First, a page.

The blue building, which sits just next to the busy route 67 in Weitendorf village, now houses two Serbian Roma families.
The building’s owner, who chose to remain anonymous, said that the last sex worker left a week past Friday, and that the building has the capacity to accommodate as many as 50 people in modern, luxuriously furnished apartments. She added that she intends to renovate the rooms.
But the two families, who between them have seven children, are unhappy about their premises and have already threatened a hunger strike. One refugee said the older children must share beds, the bed linen is dirty and the house stinks, adding that children can’t be expected to live in a brothel.
The owner said, however, these people can’t be left on the streets. At present, she receives 19 euros per asylum seeker, per day, from the government. She also has to prepare then three meals a day. If 50 asylum seekers did end up staying in the former brothel, she would earn around 28,500 euros a month.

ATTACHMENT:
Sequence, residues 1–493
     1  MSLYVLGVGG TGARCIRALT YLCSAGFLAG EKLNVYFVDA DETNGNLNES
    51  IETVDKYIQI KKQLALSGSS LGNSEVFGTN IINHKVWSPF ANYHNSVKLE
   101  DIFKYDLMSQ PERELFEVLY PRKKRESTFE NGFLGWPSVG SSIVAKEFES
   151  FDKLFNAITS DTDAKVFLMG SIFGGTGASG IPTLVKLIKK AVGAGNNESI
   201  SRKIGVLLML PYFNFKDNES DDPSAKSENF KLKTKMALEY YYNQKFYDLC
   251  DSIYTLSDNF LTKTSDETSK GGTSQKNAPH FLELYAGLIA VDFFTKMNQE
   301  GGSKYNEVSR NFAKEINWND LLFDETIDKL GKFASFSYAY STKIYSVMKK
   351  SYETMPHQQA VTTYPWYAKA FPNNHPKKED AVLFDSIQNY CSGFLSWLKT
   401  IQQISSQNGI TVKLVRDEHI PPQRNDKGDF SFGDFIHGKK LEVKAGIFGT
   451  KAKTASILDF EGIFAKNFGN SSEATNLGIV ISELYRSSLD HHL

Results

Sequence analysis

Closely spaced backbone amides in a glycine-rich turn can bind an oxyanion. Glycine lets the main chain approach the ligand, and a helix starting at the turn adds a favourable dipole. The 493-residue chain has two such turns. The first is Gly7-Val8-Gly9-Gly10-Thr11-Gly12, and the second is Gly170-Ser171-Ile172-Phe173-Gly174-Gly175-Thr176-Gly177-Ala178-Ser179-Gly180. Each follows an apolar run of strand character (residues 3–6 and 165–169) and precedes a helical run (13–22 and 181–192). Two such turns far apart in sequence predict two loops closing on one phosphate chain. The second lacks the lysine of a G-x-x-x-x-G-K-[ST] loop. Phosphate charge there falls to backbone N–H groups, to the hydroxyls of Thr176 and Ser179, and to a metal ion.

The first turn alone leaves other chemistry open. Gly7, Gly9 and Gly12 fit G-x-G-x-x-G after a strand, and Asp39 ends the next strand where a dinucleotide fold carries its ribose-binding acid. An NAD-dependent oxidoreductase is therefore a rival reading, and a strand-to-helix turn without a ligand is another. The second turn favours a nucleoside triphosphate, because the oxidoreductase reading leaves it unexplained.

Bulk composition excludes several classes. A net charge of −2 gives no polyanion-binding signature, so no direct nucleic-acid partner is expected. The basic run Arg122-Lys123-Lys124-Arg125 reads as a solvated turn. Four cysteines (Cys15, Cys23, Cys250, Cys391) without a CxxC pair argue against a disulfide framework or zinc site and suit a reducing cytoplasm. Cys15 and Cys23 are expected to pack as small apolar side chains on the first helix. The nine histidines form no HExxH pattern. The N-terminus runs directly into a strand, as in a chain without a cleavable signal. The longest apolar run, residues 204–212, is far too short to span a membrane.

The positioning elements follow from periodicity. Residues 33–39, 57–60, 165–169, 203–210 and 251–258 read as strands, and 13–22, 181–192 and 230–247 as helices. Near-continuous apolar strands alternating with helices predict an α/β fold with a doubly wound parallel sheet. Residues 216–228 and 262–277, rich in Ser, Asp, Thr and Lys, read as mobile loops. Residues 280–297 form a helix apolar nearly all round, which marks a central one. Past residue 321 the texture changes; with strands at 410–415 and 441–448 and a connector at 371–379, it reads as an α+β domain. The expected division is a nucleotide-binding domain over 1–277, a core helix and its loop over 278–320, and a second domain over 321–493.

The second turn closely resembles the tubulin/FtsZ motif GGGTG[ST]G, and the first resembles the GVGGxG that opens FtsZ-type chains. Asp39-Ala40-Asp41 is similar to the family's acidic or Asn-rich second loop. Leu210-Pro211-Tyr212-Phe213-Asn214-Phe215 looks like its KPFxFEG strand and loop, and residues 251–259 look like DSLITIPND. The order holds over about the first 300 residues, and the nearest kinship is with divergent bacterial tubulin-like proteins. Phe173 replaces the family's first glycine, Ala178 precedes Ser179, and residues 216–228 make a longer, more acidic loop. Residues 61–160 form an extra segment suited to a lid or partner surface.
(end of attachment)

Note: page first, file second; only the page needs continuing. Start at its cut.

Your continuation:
Up to 50 more asylum seekers are likely to arrive this week, but local mayor Franz Plasser said only three families should be permitted to stay in a town that only has a population of 1,500 people. He said how it could possibly work, asking what are they meant to do in this former brothel.
Plasser said it would be hard for them to integrate into the community and the accommodation was unsuitable for families given its location on a busy road. He said he was angry the politicians and owner did not consult him first.